Council trials environmentally friendly way of removing weeds
Date published: 09 October 2020
Councillor Faisal Rana with the Foamstream
Rochdale Council is trialling a new environmentally friendly way to get rid of weeds and moss from footpaths, using nothing more than hot water and a herbicide-free biodegradable foam.
The Foamstream solution is created from natural plant oils and sugars, and is used for controlling unwanted vegetation including weeds, moss and algae. Its patented low-pressure process combines heat with the foam, making it safe for use around people, animals and delicate environments. It can also be used for outdoor cleaning tasks like removing chewing gum, power washing and sanitisation.
The new Foamstream was put through its paces by local councillor Faisal Rana who joined council workmen for the day.
He said: "It's so easy to use. You just blast the weeds with the foam gun and it kills the weeds. It's especially good at getting rid of moss on the pavement that can be quite slippery and dangerous underfoot for pedestrians.
"The idea is quite simple. You just direct the gun to the weeds and hot water kills them. It puts a foam layer on top of the water to keep it hotter for longer giving it a much better success rate.”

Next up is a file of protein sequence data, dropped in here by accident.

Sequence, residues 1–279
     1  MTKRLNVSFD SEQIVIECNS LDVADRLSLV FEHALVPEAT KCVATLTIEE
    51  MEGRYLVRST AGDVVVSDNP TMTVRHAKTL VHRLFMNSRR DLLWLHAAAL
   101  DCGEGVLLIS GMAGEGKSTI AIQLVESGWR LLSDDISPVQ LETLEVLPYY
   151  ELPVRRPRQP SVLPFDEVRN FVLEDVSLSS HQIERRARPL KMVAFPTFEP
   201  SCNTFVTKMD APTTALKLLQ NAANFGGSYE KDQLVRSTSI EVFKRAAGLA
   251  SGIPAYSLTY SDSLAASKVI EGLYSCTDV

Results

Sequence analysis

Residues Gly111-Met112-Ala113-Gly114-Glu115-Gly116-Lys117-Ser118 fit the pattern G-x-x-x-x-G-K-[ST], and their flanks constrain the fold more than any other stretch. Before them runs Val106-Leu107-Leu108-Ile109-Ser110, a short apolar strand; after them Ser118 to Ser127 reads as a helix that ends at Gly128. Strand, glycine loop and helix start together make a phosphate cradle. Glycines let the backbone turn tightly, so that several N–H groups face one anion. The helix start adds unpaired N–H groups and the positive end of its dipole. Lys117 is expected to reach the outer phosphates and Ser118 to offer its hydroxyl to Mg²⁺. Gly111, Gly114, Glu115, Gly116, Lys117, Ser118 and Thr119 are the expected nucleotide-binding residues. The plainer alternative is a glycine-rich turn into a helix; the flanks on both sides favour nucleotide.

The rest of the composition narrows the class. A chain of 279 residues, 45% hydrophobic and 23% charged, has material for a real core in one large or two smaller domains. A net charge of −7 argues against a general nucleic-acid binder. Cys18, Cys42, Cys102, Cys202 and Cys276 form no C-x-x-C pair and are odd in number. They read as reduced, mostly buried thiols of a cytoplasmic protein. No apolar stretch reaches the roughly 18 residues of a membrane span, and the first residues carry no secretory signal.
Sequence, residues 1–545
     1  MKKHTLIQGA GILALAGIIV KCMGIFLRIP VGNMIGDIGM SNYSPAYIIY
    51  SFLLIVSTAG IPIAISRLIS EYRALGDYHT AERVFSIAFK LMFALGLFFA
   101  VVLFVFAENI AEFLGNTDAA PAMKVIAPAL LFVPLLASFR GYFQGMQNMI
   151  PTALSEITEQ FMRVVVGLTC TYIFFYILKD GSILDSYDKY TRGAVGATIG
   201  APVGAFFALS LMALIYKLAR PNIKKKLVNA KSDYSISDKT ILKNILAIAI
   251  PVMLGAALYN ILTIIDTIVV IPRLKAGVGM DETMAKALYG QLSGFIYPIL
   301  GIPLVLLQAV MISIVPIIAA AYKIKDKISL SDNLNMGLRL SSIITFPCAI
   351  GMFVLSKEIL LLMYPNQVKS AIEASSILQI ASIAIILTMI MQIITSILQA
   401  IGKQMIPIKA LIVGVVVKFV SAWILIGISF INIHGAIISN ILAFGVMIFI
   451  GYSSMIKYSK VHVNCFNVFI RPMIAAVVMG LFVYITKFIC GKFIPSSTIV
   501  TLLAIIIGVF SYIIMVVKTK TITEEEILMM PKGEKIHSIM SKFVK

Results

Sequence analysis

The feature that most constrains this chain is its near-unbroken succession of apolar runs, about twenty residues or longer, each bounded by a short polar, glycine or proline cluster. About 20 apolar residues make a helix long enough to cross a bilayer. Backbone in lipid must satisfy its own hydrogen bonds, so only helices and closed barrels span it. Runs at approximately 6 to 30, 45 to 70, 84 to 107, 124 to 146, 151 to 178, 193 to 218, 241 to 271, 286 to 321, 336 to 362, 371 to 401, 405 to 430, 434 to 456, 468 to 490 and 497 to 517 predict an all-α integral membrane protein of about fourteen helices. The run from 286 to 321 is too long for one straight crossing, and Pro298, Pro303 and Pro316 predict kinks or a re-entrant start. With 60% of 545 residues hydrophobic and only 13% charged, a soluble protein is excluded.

Councillor Neil Emmott, Rochdale Council's cabinet member for the environment, said: "The safety of our staff and residents is our overriding concern. We are forever improving the way we work and removing the use of harmful chemicals as far as we can.
"The Foamstream is a completely environmentally- friendly and herbicide-free method of weed control. It's safe for our staff to use and for pedestrians and pets.
"All councils have been struggling to find an effective way of removing weeds and moss since the EU banned most pesticides and weedkillers several years ago for safety reasons.”
The treatment most widely used to replace the pesticides is the controversial herbicide, glyphosate, which is now being called into question over its safety following a number of court cases in America.
The pesticide, the key ingredient in the world’s bestselling weedkiller, Roundup, was reauthorised on a five-year-lease by the EU in 2017, despite 1.3 million people signing a petition for it to be banned.
Previously linked to cancer, glyphosate was deemed safe by the European Chemical Agency, which ruled “the available scientific evidence did not meet the criteria to classify glyphosate as a carcinogen, as a mutagen or as toxic for reproduction.”
A classification that glyphosate causes serious eye damage and is toxic to aquatic life does however remain in place.
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